The Academy of Science of South Africa has produced a report highlighting climate change mitigation and adaptation opportunities for the City of Durban entitled ‘Towards a Low Carbon City: Focus on Durban’.
The report was commissioned by the eThekwini municipality and provides 12 strategic recommendations, as well as sector-specific recommendations for Durban to transition to a low-carbon city.
The eThekwini municipality recognises that urgent attention should be given to the industrial and transport sectors, as these are the major greenhouse-gas emitters in the city.
It was recommended that eThekwini municipality extend its focus on energy efficiency in municipal buildings to the broader built environment in the city. Energy efficiency in buildings is often hailed as the ‘low-hanging fruit’ in the low-carbon transition process, as actions can be implemented more easily than in other sectors such as transport.
Transitioning to a low-carbon city in the face of high levels of unemployment and the need for economic development was addressed in the report by emphasising the need to shift to a green economy.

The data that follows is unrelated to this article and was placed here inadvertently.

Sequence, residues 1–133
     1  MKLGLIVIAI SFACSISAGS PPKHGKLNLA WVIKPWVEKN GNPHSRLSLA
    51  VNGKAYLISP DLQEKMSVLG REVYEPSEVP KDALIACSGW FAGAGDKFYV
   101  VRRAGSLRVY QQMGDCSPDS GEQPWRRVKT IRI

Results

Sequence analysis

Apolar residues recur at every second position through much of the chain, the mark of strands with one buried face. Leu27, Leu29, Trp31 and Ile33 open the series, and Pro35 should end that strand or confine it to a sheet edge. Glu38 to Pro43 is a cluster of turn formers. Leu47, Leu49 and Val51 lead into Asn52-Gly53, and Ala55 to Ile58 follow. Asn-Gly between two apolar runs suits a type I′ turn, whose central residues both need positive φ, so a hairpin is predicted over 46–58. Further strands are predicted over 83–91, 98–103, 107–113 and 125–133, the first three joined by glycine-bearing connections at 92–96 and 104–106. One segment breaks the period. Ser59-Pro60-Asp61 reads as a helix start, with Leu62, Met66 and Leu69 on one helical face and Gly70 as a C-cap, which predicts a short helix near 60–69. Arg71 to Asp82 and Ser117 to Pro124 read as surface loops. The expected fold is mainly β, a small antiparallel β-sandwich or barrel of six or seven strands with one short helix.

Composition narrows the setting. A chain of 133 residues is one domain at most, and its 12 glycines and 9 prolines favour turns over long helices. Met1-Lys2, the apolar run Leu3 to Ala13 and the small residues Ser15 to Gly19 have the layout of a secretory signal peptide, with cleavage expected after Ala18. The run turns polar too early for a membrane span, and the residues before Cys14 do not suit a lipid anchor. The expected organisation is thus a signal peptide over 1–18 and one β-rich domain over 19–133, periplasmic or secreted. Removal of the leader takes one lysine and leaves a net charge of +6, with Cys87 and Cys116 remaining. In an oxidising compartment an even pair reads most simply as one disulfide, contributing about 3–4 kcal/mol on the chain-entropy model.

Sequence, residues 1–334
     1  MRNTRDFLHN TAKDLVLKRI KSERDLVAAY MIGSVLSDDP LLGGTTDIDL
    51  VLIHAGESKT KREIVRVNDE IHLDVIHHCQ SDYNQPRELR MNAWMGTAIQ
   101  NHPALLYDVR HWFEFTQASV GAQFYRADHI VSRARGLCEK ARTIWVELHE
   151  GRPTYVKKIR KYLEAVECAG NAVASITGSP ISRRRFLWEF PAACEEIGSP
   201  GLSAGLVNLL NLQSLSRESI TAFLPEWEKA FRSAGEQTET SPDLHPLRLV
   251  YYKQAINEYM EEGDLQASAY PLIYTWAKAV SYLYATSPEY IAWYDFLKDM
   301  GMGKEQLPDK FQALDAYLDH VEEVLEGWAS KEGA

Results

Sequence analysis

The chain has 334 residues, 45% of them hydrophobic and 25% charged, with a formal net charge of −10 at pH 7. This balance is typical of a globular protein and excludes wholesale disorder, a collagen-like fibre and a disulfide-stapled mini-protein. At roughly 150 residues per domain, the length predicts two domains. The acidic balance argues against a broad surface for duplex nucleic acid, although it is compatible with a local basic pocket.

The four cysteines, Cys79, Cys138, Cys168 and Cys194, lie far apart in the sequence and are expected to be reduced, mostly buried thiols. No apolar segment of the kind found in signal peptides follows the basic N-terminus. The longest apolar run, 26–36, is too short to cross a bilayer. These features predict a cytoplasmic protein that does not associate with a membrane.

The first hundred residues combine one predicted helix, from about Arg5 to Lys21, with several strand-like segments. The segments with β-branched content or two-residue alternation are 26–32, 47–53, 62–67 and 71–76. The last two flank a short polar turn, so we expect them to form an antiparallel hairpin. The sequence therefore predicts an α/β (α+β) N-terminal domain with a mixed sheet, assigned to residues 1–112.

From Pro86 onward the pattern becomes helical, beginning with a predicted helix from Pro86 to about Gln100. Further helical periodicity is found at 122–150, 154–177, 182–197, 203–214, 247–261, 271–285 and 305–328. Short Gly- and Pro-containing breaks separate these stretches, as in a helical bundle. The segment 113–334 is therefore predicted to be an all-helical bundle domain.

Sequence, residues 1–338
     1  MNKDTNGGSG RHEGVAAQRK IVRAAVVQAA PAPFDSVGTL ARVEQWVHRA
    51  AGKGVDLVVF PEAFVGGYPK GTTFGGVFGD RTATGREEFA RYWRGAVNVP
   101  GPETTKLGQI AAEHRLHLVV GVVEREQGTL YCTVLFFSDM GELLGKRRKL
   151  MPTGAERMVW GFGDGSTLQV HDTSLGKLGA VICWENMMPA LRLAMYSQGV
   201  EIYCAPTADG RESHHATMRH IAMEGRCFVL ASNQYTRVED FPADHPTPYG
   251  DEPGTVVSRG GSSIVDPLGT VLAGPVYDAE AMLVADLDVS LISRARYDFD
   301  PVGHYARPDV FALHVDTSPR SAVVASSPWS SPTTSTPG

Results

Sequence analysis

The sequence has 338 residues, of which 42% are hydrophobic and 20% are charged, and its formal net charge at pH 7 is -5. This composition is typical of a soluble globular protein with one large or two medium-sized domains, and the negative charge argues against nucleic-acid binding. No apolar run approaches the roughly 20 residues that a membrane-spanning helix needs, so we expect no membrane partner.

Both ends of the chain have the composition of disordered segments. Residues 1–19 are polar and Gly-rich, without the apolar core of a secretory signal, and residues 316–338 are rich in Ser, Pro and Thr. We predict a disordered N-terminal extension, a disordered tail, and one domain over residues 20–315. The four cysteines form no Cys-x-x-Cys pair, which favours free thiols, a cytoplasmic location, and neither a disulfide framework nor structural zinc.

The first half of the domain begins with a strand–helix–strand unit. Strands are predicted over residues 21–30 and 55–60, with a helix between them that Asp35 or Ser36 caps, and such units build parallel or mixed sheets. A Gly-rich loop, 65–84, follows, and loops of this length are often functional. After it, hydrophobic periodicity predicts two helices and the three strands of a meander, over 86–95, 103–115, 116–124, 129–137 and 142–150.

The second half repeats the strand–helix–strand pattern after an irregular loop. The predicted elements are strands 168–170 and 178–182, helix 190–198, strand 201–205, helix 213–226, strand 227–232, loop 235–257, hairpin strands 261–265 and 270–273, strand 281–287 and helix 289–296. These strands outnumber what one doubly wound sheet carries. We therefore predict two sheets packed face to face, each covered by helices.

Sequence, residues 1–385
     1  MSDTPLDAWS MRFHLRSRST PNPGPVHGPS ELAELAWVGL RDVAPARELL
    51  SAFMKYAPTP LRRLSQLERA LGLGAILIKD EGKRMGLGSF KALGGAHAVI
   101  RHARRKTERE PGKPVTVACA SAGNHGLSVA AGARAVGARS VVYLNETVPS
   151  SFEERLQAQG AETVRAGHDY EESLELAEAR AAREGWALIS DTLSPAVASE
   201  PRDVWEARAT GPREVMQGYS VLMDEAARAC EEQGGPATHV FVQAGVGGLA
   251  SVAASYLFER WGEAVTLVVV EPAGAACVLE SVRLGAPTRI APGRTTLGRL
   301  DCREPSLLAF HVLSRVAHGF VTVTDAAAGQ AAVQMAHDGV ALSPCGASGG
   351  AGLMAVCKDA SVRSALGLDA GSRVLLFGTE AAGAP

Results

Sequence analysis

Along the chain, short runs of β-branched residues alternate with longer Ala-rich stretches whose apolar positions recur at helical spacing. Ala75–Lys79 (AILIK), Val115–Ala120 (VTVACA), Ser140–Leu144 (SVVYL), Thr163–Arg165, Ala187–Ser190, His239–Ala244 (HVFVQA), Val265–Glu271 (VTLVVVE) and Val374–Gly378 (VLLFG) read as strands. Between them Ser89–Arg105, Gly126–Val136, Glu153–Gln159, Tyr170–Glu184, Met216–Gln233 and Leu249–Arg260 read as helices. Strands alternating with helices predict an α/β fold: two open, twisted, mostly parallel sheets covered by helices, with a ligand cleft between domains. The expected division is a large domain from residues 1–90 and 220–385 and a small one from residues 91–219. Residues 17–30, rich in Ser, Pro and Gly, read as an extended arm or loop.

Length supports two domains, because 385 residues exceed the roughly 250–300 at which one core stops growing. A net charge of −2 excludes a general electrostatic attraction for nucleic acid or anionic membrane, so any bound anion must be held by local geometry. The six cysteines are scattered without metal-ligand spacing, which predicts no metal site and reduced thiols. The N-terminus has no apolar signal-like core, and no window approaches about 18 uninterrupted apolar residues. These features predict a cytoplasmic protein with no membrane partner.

There was a need to integrate mitigation and adaptation activities across the municipality, because traditionally, mitigation and adaptation activities have developed separately in cities, frequently residing in different municipal departments.
A strong drive to ensure multilevel governance and the recognition of the role of visionary leaders, or local champions, was viewed as necessary for low-carbon development in the city. This would ensure that climate change policies and actions were developed and implemented effectively and efficiently, with the full support of the political leadership of the city and local citizens.
Land-use planning also plays a key role in low-carbon development. Key principles include combating urban sprawl, compacting city form, decentralising urban opportunities, promoting sustainable neighbourhood planning, and a shared vision of spatial development in the city amongst all stakeholders.
Other recommendations urged the City of Durban to promote low-carbon lifestyles and play a leadership role in reducing upstream carbon emissions. An understanding of the carbon footprint of the city from a consumption perspective was important.
“This marks another important step in Durban’s journey to becoming a climate smart city. A city in which a low-carbon, green economy provides opportunities for both climate change mitigation and adaptation and fosters a new form of urban development that ensures ecological integrity and human well being,” said eThekwini Environmental Planning and Climate Protection deputy head Debra Roberts.
The release of the report coincides with the city’s hosting of the seventeenth Conference of the Parties of the United Nations Framework Convention on Climate Change, later in 2011.
Edited by: Terence Creamer
Creamer Media Editor
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